How does Aironyl work?
Terbutaline sulphate belongs to a group of medicines
called short-acting beta 2 agonists. It works by
acting on receptors in the lungs, called beta 2
receptors. Stimulation of these receptors causes the
muscles in the airways to relax, and this allows the
airways to open.
In conditions where there is narrowing of the
airways, such as
asthma, emphysema and
bronchitis, it is difficult for air to get in
and out of the lungs. By opening the airways,
terbutaline makes it easier to breath.
Terbutaline is most commonly taken using an inhaler
device. Inhaling the medicine allows it to act
directly in the lungs where it is needed most. It
also reduces the potential for side effects
occurring in other parts of the body, as the amount
absorbed into the blood through the lungs is lower
than if it is taken by mouth. Terbutaline when used
as an inhaler is known as a reliever. This is
because it works very quickly to relieve asthma
attacks or shortness of breath. Terbutaline inhalers
can also be used to open the airways shortly before
exercising. Terbutaline tablets are sometimes
prescribed if inhaled terbutaline is being used
frequently to relieve shortness of breath. The
tablets are taken regularly to help keep the airways
open all the time and reduce the need for the
Why we use Aironyl? ►Asthma ► Breathing difficulties due to a narrowing of the
airways (bronchospasm) ► Chronic obstructive pulmonary disease
Not to be used in ► Heart disease
characterized by thickening of the
internal heart muscle (hypertrophic cardiomyopathy)
This medicine should not be used if you are allergic
to one or any of its ingredients. Please inform your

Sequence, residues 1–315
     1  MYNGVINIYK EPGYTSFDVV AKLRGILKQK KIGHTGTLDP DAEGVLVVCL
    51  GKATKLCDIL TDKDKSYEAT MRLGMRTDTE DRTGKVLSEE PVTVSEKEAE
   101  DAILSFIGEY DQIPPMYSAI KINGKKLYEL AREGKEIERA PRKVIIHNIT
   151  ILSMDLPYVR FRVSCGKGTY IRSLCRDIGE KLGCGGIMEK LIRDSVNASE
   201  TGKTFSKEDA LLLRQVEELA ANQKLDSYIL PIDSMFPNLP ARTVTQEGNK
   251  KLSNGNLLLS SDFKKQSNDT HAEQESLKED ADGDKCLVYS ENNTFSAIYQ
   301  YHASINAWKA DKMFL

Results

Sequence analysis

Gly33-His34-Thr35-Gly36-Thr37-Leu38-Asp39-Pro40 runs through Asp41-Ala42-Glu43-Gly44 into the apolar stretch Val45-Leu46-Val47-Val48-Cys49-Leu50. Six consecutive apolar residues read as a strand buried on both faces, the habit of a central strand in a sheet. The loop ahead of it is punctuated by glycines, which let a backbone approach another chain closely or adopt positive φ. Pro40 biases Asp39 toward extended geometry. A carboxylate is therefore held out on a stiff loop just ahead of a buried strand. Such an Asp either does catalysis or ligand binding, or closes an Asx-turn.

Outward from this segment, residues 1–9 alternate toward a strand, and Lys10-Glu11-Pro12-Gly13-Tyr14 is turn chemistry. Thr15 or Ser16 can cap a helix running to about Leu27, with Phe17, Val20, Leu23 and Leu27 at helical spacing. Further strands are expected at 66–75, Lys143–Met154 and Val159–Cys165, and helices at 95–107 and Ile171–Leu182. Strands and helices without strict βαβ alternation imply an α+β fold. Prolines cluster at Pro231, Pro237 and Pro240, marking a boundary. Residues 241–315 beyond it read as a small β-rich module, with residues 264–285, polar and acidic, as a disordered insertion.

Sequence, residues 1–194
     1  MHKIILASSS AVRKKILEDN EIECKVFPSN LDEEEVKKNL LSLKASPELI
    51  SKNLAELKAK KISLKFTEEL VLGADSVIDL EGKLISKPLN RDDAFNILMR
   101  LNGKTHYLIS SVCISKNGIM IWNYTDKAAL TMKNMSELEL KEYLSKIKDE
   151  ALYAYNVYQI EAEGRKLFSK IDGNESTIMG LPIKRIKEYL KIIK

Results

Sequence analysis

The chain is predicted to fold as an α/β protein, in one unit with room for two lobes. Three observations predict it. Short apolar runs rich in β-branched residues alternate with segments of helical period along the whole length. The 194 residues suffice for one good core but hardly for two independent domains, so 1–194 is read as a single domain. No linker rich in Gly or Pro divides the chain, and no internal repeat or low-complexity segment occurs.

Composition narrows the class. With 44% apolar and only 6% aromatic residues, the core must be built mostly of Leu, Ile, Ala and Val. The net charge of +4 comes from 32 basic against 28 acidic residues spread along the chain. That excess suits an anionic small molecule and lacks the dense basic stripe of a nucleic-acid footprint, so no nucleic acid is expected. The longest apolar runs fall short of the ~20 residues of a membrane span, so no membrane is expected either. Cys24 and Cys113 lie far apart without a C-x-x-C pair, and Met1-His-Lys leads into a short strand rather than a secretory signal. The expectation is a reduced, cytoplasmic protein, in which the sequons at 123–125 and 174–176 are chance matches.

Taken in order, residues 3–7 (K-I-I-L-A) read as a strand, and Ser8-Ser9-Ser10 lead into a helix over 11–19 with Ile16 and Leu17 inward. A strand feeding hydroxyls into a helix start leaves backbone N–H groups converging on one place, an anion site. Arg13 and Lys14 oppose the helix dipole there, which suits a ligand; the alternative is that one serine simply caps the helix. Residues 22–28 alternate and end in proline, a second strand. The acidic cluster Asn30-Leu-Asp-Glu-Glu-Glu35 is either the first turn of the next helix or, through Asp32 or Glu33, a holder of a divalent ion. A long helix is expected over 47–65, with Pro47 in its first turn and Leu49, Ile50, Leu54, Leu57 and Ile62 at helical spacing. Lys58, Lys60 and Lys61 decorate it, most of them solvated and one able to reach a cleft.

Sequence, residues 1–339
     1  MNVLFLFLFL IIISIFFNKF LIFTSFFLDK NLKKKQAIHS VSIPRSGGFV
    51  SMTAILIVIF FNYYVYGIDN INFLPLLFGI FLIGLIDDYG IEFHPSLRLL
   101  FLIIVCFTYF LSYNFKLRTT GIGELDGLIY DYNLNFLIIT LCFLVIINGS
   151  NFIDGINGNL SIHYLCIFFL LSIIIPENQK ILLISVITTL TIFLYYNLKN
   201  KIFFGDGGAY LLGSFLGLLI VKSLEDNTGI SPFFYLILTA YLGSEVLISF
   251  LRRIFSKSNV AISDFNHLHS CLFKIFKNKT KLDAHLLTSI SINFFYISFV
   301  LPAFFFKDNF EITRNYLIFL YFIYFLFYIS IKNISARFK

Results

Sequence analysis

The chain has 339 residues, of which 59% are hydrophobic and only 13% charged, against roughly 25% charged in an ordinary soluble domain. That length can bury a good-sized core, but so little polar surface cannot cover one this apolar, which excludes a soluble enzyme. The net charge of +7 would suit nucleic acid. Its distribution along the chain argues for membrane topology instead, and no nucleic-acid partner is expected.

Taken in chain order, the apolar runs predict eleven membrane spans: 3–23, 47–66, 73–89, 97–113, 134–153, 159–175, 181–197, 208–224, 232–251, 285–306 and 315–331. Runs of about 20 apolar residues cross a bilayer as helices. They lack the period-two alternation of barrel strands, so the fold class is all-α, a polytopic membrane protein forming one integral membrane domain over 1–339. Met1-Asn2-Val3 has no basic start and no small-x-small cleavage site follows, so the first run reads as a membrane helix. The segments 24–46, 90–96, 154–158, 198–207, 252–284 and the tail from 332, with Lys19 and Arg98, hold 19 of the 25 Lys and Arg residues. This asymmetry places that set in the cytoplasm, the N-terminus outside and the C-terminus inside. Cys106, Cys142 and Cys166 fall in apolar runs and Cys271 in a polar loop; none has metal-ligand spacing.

doctor or pharmacist if you have previously
experienced such an allergy. If you feel you have
experienced an allergic reaction, stop using this
medicine and inform your doctor or pharmacist
Pregnancy and Breastfeeding
Certain medicines should not be used during
pregnancy or breastfeeding. However, other medicines
may be safely used in pregnancy or breastfeeding
providing the benefits to the mother outweigh the
risks to the unborn baby. Always inform your doctor
if you are pregnant or planning a pregnancy, before
using any medicine.
• This medicine should be used with caution during
the first trimester of pregnancy.
• The medicine passes into the breast milk, but at
normal doses it is unlikely to harm the baby.
Discuss with your doctor.
Beta-blockers such as atenolol, propranolol or
timolol should not generally be taken with this
medicine. This is because beta-blockers have an
opposite action to terbutaline, and can cause the
airways to narrow. This can result in breathing
difficulties for people with asthma or chronic
obstructive airways disease.
Eye drops containing
beta-blockers should also be avoided.
can potentially cause a serious decrease in the
levels of potassium in the blood (hypokalaemia),
which may result in increased risk of abnormal heart rhythms
(arrhythmias) if hypokalaemia occurs while taking
This effect can
be increased by the following medicines: ► Xanthine
derivates such as theophylline ► Corticosteroids
such as beclometasone and prednisolone ► Diuretics such as
bendrofluazide and frusemide
There may be an increased risk of
side effects if this medicine is taken with other
sympathomimetic medicines, such as the following:
Other beta 2 agonists: e.g. salbutamol, salmeterol
Decongestants: e.g. Ephedrine, pseudoephedrine,
phenylephrine - adrenaline - dopamine - amfetamines.